In May 1944, Otto and his mother had to go to the transport (Eb, May 18, 1944) as well. After several days of miserable voyage to the unknown, they passed through the notorious gate of the Auschwitz-Birkenau extermination camp (Auschwitz-Birkenau) at night. Finally, the train stopped. There was an indescribable roar, accompanied by ominous dog barking and brutal beating of the guards. The whole scene of the worst nightmares was framed by the sharp lights that illuminated the platforms covered by barbed wire columns. The entire transport was carried out without a selection to the so-called family camp, called as section BIIb in Birkenau. Here, they were divided into huts by gender and age. They did not know that the camp should be physically destroyed by the end of June. In Auschwitz, Otto was tattooed a number of A2494 on a left forearm.
In the autumn of 1944 in Auschwitz, Otto saw his uncle Otto Margolius, the younger brother of his mother. He arrived at the camp by Em transport (October 1, 1944), and Otto saw him among the wires. He came to Auschwitz with his wife and daughter, but they headed straight from the station to the gas chambers. His uncle had more luck. He was waiting for the liberation of the Red Army in the “hell” factory Buna-Werke and Leuna- Werke near Gliwice in Upper Silesia. During the war, this company produced synthetic rubber, gasoline and the infamous Cyclone B.
The men and woman capable of work were sent to various places in Germany by the Nazis, as a result of the liquidation of the family camp. But Otto does not know where his mum was taken. After the war, he only learned that perhaps in May 1945, she was embarked on a ship in Hamburg, which perhaps on May 5, 1945 bombed and sank by the Allied Air Force. He learned this information from his cousin and she had learned it from a former prisoner, aunt‘s friend Žofia Veselková, Margoliusová (mother´s sister). Her daughter Hana (* 1927), who came from a mixed marriage with a Catholic who was from Ledeč nad Sázavou, was two and a half years older than Otto. Hana stayed at home and the mother as a Jew was deported to the Terezín ghetto in the autumn of 1944 and the father was sent to forced labor in Germany. But in May 1945, the married couple returned happily to their home where they found not only a daughter but also Arnošt, the husband of Žofi‘s sister Marta, born as Margoliusová, married Kohnová, who in 1942 escaped from a labor camp near Warsaw. His wife, however, failed to escape.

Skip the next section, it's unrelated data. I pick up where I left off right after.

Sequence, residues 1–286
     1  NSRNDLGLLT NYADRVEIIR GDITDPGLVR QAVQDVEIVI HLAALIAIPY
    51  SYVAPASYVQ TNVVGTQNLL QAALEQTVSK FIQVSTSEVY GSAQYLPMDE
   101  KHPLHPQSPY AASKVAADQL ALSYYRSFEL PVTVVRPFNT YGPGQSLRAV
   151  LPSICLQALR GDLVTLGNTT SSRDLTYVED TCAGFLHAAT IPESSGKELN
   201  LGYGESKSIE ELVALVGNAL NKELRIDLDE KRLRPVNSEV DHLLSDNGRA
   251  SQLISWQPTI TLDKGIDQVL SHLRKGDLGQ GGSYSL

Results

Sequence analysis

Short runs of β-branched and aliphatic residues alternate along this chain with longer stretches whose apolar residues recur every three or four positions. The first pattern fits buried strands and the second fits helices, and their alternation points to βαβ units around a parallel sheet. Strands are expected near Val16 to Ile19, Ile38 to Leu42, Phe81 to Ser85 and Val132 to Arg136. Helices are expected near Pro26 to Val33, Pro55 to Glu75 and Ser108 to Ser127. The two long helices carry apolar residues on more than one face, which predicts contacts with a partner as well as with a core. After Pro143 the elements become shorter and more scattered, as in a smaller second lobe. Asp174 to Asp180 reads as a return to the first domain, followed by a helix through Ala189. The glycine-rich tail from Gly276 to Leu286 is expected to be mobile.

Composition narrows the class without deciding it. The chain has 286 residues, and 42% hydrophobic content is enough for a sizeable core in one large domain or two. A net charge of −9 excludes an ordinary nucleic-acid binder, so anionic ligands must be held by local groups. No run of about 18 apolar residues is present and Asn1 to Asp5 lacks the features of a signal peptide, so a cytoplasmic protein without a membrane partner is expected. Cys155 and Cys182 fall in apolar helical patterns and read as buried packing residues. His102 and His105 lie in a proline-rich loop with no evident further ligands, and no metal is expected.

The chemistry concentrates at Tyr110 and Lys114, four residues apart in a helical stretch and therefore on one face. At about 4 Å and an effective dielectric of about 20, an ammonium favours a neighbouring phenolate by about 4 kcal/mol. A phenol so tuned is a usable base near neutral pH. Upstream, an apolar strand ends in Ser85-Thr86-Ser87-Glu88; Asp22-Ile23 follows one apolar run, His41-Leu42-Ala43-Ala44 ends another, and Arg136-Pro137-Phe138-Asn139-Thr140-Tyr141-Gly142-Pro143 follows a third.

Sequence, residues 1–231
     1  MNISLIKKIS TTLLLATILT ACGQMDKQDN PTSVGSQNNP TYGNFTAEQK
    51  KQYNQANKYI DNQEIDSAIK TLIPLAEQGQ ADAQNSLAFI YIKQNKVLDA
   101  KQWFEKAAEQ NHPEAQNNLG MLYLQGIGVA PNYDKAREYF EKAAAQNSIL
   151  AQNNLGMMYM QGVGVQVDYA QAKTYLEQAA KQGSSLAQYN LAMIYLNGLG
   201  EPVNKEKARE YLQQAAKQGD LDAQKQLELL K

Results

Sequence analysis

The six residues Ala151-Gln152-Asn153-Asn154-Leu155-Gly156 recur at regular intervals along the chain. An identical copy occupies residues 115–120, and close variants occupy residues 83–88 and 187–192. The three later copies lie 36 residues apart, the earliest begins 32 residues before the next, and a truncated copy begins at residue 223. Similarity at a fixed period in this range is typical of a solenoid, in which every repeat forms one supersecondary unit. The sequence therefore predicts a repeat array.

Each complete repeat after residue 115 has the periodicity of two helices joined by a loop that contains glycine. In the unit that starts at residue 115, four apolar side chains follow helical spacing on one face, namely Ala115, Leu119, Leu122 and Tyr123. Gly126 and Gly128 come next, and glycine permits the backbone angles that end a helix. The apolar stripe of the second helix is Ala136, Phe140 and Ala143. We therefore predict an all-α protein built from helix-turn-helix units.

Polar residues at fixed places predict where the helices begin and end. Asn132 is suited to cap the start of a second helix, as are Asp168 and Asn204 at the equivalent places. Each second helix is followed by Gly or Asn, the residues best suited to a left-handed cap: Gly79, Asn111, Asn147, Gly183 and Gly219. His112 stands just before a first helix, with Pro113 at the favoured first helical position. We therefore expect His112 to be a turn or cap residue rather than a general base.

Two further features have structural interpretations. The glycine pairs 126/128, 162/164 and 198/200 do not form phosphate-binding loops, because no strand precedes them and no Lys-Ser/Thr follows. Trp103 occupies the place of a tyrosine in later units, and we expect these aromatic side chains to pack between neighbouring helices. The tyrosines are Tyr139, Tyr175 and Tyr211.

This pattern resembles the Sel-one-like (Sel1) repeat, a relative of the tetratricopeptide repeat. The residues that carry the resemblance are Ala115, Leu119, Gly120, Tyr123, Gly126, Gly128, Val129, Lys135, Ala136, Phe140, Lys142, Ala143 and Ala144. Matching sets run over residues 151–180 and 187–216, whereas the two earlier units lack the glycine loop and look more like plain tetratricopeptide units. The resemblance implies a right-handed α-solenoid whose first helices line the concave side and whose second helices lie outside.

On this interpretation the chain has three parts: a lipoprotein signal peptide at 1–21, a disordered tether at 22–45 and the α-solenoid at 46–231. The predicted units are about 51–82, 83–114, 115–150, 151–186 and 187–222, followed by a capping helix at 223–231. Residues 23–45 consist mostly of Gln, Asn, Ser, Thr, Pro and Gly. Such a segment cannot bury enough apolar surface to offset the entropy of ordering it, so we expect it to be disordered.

Otto passed the selection in Auschwitz, where he survived the liquidation of the family camp. For about two more months, he “traveled” in the camps in Birkenau, then they placed him in a farm camp near Gliwice. When the allies bombed the industrial area in Gliwice, the bombs were also dropped in their camp. He stayed on the farm until the liquidation of Auschwitz (freed on January 27, 1945 by units of the 60th Army of the 1st Ukrainian Front). He was then selected for the death march. Without food, in poor clothes, in twenty-degree frost, the transport started on January 15, 1945 from the camp near Gliwice. After two days, they came to a village where they were sent to the local school, and in the morning, they were taken into the low, uncovered, unoccupied wagons, each carrying 150 standing prisoners. The train was set for a journey of three days and three nights in the frosty weather. People frozen to death could not be thrown out of the train, there were guards looking after all wagons. The prisoners therefore used the dead bodies to sit on. Under these inhumane conditions, transport came fi rst to Weimar in Thuringia, where the guards had to leave trucks for the depleted prisoners who carried the entire transport to the Buchenwald concentration camp.
Completely exhausted prisoners had to go to the shower fi rst after a fi ve-day ride and then the injection was waiting for them. They knew well from Auschwitz what injections meant. Certain death. Surprisingly, they did not die after applying, it was probably vaccination. The end of January 1945 was written, there was no work needed in the camp, in addition to the cleaning, but the conditions for living were miserable. Lack of food, lack of warm clothes, ubiquitous diseases. That was the day after day. Otto recalls how the Nazis sought to wipe out the traces of their long-term atrocities in the camp. About a thousand people, including Otto, joined the appelplatz on April 10, 1945. All of them were then put into a transport going back to Weimar.
On the second day, April 11, 1945, the Buchenwald camp was liberated by the US troops of the Third Army, the 89th Infantry. But Otto learned that after the war. The transport which he had made the hiking trip with, was sometimes flown by Allied airmen. In such moments, the guards mingled with the prisoners. After about eight kilometers of march, they came to Weimar, where they spent the night, and in the morning, they sent a hundred people into closed wagons – cattle- breeders. As the train started to move, the fi ghter-haulers came in and shot the locomotive. The idle train stood helplessly on the track. After some time, the guards pushed the prisoners out and walked with them toward the towns of Jena and Gera. During the three-day march they heard the thunder of the approaching front line. They never came to Gera because the area was surrounded and the Nazis did not know where to go. That is why they hid the prisoners in the mines near Eisenach and were waiting for what was going to happen.
Ubiquitous confusion was exacerbated by the fl eeing German civilian population. There was a forest nearby, which many prisoners decided to use to escape. Although there was the end of the war, the German militia did not give the fl eeing people any chance. The rest of the survivors of the original thousands-haul transport, about fi fty men, heard the shooting from the nearby town of Eisenach. Survivors, including the Ukrainians ran away. When the shooting stopped, they returned. Otto did not know what to expect until the last moment. Will the guards kill them to get rid of them as dangerous witnesses?